9. I love the Real Scenes series. All episodes have discussed the links between music, identity/community and politics, but this one in particular approaches all these things a little more deeply. The timing is also very right. Congratulations to RA and its producers.

    Regards from Brazil. Keep up the good work!

  10. What a beautiful piece of art. The cinematography is excellent as well as the narrative. Would've loved to see what the new emerging dance music scene is like nowadays in London but perhaps that's what the next instalment will offer?! Great work Patrick Nation and team! #bravo

  11. The entire video in the perspective of artists, owners, politicians, producers but nowhere near enough focus on the most important person… the clubber. Missing a huge viewpoint of what clubbing is actually like in London.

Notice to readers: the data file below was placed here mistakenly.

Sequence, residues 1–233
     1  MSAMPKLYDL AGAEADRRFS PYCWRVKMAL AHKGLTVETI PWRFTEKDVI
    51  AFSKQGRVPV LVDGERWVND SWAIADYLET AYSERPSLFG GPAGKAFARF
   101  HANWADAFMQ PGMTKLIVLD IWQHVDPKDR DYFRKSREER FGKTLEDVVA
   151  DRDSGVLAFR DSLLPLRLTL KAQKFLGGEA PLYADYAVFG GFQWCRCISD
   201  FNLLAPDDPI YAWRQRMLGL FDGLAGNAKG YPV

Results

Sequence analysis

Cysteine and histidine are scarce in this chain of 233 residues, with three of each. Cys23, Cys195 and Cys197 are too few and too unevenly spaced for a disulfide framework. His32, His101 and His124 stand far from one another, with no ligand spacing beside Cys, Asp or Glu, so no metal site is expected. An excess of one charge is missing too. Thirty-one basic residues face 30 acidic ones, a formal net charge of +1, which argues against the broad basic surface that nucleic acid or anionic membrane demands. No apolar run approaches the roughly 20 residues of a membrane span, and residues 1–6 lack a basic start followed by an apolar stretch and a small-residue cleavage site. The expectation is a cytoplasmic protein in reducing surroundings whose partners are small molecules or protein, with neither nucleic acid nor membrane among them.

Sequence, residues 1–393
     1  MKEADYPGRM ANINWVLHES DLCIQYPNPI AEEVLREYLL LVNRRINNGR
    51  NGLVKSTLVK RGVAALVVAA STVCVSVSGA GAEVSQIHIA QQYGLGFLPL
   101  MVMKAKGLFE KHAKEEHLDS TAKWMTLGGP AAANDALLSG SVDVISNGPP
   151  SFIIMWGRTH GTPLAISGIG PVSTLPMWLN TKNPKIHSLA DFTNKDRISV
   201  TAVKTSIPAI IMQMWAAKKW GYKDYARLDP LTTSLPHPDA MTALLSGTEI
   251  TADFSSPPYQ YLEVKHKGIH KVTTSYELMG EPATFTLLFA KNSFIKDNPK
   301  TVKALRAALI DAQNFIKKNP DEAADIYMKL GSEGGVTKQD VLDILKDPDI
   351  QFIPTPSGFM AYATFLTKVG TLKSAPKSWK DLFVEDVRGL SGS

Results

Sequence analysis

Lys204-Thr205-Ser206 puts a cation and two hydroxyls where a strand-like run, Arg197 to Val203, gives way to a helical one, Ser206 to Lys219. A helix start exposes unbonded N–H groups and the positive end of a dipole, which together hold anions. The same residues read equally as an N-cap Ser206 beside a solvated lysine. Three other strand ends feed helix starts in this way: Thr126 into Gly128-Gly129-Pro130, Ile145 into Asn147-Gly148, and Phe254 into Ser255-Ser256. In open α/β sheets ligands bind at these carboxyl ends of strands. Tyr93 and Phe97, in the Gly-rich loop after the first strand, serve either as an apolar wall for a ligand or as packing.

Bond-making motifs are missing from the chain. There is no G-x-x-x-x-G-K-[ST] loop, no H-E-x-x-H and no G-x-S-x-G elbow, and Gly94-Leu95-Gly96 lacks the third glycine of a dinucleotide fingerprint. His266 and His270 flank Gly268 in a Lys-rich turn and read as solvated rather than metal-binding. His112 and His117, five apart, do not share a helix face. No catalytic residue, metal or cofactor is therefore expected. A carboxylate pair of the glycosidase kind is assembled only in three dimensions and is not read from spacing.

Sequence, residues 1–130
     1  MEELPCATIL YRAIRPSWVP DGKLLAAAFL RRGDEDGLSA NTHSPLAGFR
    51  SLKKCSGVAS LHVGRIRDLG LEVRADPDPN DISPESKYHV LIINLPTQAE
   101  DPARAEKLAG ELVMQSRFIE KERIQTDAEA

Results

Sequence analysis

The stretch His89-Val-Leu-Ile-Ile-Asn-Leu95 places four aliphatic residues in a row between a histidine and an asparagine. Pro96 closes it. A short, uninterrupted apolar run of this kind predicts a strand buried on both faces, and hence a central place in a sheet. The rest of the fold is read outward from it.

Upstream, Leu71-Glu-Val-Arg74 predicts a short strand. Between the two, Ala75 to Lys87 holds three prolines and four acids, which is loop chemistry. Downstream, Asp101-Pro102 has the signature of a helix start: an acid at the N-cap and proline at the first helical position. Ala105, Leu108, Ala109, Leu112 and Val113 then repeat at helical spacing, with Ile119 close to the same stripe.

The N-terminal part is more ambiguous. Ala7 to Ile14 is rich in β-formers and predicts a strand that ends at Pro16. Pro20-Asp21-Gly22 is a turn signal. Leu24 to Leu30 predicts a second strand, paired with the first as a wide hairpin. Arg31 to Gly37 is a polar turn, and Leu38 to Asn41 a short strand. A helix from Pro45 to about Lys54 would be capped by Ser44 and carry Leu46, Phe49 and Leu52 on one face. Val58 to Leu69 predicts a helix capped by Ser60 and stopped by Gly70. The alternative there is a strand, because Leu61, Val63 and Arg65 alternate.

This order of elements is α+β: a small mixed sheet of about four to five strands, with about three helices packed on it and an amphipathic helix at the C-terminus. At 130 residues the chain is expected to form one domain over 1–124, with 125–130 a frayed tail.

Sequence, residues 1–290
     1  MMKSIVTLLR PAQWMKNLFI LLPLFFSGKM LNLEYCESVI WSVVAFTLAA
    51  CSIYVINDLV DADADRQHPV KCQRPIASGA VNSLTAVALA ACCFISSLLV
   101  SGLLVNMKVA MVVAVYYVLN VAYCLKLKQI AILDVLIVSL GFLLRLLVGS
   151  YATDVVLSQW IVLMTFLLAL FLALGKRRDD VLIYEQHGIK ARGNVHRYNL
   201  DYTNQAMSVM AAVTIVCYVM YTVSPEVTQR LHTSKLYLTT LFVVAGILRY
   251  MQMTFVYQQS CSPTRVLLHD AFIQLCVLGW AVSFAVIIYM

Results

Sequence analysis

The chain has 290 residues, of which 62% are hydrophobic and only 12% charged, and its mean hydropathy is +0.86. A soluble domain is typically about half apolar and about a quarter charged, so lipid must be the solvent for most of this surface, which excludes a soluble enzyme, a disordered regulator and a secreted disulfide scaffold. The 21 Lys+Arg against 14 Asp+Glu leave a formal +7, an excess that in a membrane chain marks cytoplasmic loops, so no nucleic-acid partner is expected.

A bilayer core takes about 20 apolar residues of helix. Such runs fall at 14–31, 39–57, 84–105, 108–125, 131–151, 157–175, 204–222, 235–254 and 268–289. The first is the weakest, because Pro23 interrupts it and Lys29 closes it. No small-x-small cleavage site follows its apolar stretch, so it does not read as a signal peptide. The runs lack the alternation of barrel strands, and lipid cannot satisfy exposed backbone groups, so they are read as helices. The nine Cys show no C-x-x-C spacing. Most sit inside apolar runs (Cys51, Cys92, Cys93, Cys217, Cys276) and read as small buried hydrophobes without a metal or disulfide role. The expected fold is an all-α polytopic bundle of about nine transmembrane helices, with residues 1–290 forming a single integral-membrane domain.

12. Such a boring documentary. Why dont you explain the London scene across time instead of talking exclusively about the closing of this and that club?

  13. Why no mention of Passing Clouds? The loss of Passing Clouds was far more damaging to the scene than the loss of another super club like Fabric.

  14. Very interesting film, emphasising how London has changed and club culture as a whole has adapted. Capitalism presents an unusual contradiction, in the sense that it fuels club culture yet its excesses can completely constrain and smother it.